In less than a month, the third Bitcoin block halving, arguably the most anticipated event in the crypto space as of now, will take place. After the halving, the reward that miners receive for verifying transactions and maintaining the Bitcoin network will be cut in half.
In theory, the price of Bitcoin should increase after rewards divvy up, as it means Bitcoin will become even scarcer. Recall these mining rewards are the way new Bitcoin is created, and cutting them in half means that new units of the largest cryptocurrency by market capitalization become harder to reach after the Bitcoin halving event.
Halving: Priced In Or Not
Predictions on how the market will respond post-halving vary among leading crypto analysts. Some, notably crypto commentator PlanB, believe that the market has already priced the effect of the rewards reduction reasonably. Another group, among whom is Bitcoin enthusiast Anthony Pompliano and Binance CEO Changpeng Zhao, insists that halving has yet to be factored into the Bitcoin’s price.
In February, Zhao announced that he believes the halving has not been priced in: “The market is not efficient. Most people don’t get information quickly. People need a lot of time to let concepts sink in and adjust,” he said.
The Bitcoin market has witnessed two halving events in its short life — first on Nov. 28, 2012, and second on July 9, 2016. On the first occasion, rewards dropped from 50 BTC to 25 BTC per block, and the second saw a reduction to 12.5 BTC. The upcoming halving will see a further decrease to 6.25 BTC per block.
The First Halving Event Of 2012
Before the halving event of 2012, Bitcoin saw a decent upward trend, rising roughly 135% from just over $5 per BTC at the beginning of the year to the $12 price region by the beginning of November 2012. Post-halving, the trend continued, with BTC surging 90X to approximately $1,180 by the end of 2013.
The increase in the first few months post-2012 halving coincided with the financial crisis in Cyprus, when the local government intervened with a bailout for banks. Some researchers also found that the final surge between September and November 2013, when BTC exceeded $1,000, was a result of price manipulation.
The Second Halving Event Of 2016
Still, the price pattern of the first halving is noticeable in the months before and after the second halving event. Bitcoin prices were mostly flat for the first three quarters of 2015, around the $300 – $400 price region.
The market picked up in the fourth quarter, however. BTC prices went from the $300 region in Oct. 2015 to over $600 by July 2016. Only a year after the halving, during July 2017, the BTC price had skyrocketed to around $2,800 before peaking at nearly $20,000 in Dec. 2017.
The surge post-2016 halving was explained due to other driving factors. For one, the bull run of 2017 corresponded with the ICO bubble, which emerged that year.
Estimates of how much was raised during ICO events in 2017 vary, but data by Statista estimates that the figure is closer to $6.4 billion. The significance of the ICO boom was such, that it increased the demand for BTC, which, along with Ethereum, was the cryptocurrency many of the ICOs accepted.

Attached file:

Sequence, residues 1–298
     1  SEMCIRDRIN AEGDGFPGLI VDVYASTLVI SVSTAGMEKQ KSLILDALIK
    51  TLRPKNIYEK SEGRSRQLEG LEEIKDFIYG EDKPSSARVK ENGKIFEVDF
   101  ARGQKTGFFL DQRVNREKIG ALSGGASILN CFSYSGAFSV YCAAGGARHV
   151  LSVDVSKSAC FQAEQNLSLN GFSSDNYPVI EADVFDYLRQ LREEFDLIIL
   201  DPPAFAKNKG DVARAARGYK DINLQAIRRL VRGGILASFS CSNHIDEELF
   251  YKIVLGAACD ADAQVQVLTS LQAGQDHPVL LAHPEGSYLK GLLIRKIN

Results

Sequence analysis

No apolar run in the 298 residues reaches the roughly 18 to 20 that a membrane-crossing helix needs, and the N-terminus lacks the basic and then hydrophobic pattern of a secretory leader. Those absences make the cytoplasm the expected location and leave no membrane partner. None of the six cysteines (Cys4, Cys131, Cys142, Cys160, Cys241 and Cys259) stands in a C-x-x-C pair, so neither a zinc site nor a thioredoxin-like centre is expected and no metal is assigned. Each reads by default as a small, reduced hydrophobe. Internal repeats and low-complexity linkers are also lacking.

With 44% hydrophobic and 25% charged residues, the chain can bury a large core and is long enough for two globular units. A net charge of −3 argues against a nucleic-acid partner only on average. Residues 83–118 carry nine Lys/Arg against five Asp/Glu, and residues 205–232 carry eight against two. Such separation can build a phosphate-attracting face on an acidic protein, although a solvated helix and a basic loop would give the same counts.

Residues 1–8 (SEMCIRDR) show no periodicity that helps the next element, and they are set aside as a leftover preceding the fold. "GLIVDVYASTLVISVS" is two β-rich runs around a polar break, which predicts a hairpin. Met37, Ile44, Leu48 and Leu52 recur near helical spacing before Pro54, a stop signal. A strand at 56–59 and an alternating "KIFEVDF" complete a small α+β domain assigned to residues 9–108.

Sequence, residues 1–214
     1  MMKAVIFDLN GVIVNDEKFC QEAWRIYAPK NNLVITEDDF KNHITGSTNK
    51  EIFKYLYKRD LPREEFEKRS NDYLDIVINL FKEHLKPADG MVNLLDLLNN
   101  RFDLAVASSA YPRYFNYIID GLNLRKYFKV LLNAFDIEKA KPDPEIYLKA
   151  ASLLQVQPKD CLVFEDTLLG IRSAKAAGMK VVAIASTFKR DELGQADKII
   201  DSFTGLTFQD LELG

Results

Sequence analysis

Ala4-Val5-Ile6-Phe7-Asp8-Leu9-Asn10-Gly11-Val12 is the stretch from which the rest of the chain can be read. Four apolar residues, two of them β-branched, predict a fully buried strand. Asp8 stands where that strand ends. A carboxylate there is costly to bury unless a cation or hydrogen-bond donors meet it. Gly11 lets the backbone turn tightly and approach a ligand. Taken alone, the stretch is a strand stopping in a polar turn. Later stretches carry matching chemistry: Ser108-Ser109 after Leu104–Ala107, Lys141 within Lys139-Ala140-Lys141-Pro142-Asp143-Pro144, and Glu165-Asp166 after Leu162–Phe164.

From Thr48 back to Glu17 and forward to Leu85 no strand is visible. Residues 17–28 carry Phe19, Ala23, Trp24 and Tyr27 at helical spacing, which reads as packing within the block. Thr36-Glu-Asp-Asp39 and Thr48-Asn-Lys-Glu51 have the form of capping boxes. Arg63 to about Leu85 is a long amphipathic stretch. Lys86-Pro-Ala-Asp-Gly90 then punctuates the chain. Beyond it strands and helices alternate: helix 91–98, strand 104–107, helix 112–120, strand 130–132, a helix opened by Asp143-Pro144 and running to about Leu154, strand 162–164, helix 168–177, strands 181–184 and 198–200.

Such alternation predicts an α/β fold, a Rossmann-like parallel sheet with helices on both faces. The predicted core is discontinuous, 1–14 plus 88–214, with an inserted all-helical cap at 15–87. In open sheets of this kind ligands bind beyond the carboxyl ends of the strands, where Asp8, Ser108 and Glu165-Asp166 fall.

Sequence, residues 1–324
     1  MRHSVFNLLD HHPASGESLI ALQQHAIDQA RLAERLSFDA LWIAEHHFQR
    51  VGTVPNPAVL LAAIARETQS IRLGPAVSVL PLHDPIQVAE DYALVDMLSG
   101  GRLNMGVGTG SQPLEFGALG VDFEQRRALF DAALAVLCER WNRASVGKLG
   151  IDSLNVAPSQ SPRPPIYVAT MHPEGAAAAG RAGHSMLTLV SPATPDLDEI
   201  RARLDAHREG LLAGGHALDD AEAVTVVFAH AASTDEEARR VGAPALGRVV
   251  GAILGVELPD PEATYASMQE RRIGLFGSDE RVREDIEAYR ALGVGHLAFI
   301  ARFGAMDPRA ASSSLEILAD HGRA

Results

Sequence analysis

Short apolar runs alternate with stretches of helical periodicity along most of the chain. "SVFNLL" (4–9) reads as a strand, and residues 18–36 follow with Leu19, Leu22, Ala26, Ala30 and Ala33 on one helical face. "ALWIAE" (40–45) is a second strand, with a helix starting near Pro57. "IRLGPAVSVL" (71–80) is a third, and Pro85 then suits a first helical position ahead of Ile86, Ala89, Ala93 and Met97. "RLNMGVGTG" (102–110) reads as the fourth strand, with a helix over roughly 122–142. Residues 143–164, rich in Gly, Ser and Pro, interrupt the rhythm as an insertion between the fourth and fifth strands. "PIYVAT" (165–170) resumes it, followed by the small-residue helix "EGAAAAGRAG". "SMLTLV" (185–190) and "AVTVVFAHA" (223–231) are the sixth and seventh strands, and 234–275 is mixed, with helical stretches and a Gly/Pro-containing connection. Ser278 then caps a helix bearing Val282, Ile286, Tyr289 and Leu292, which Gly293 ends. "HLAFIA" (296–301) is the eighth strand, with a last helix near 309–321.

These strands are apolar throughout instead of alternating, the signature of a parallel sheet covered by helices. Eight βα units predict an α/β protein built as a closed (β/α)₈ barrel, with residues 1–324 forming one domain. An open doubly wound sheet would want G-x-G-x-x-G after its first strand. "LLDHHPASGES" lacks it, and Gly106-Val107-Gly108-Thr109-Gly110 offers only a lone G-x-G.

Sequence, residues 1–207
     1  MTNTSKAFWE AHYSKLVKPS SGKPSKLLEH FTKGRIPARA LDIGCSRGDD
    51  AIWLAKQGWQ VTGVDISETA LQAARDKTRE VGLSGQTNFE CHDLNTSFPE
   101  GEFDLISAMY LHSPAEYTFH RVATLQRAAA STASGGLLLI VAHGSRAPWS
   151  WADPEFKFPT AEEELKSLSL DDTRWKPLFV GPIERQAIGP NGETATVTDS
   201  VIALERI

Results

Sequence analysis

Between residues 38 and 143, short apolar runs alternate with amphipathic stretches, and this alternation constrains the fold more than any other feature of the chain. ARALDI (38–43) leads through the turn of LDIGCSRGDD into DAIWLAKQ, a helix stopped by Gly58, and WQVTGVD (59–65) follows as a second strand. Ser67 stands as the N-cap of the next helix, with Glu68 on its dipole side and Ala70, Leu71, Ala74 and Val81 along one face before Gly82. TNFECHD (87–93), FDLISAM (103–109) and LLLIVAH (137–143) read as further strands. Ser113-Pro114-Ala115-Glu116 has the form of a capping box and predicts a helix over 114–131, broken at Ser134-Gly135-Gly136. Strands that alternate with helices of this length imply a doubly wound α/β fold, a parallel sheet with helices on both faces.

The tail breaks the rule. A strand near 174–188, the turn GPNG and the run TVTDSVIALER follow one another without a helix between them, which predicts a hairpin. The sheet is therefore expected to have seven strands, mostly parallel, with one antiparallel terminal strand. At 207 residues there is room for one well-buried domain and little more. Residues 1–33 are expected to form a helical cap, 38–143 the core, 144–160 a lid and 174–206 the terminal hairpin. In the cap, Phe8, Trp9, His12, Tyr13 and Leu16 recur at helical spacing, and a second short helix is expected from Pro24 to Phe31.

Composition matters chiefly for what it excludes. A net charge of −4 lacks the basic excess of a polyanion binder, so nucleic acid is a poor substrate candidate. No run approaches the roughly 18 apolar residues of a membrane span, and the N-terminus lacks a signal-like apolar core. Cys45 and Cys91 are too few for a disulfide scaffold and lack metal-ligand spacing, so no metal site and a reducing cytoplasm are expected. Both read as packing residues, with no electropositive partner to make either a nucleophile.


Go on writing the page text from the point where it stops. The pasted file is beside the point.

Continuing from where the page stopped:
Also, 2017 was the year that the Bitcoin protocol update, dubbed SegWit — or Segregated Witness — was implemented. The SegWit protocol upgrade increased the transaction processing power of the Bitcoin network. Analysts said the network improvement was also a contributory factor to the stellar year that BTC enjoyed in 2017. Increased media attention was another factor that contributed to the most prominent crypto bubble of 2017.
The Question Mark Prior To Bitcoin Halving of 2020
Given the circumstances surrounding the first two halving events, it’s difficult to say for sure how the market will react to the coming halving of 2020.
As can be seen on the following chart, unlike the first and the second halving events, Bitcoin is not coming strong and bullish before the actual block reward reduction. According to the Bitcoin halving countdown, there are approximately three weeks left until the halving, as of writing these lines. It’s hard to believe that things will change in that short period.
Moreover, the Bitcoin market is more matured now. Since the last halving, a slew of trading products, notably Bitcoin derivatives exchanges, have made it to the market. In fact, the derivatives market is now at least ten times larger than the spot market, according to Bloomberg’s report.
This has brought some level of price discovery sophistication known in the traditional market to the crypto market. Traders can now make bets for or against BTC (long and short). Whereas, opening long positions was the most common way of profiting from crypto in 2016. Also, more institutional players are launching crypto products, more than ever before.
Although raw price data indicates that Bitcoin surges after halving events, there are caveats. The first problem here is that whatever halving data exists is based on only two occasions, which is too limited to conclude. It’s also been established that other factors were more significant driving forces.
Besides, the market evolution discussed above means that the upcoming halving may bring with it unanticipated first-time trends. The COVID-19 outbreak, which is causing a global economic downturn, worsens the uncertainties.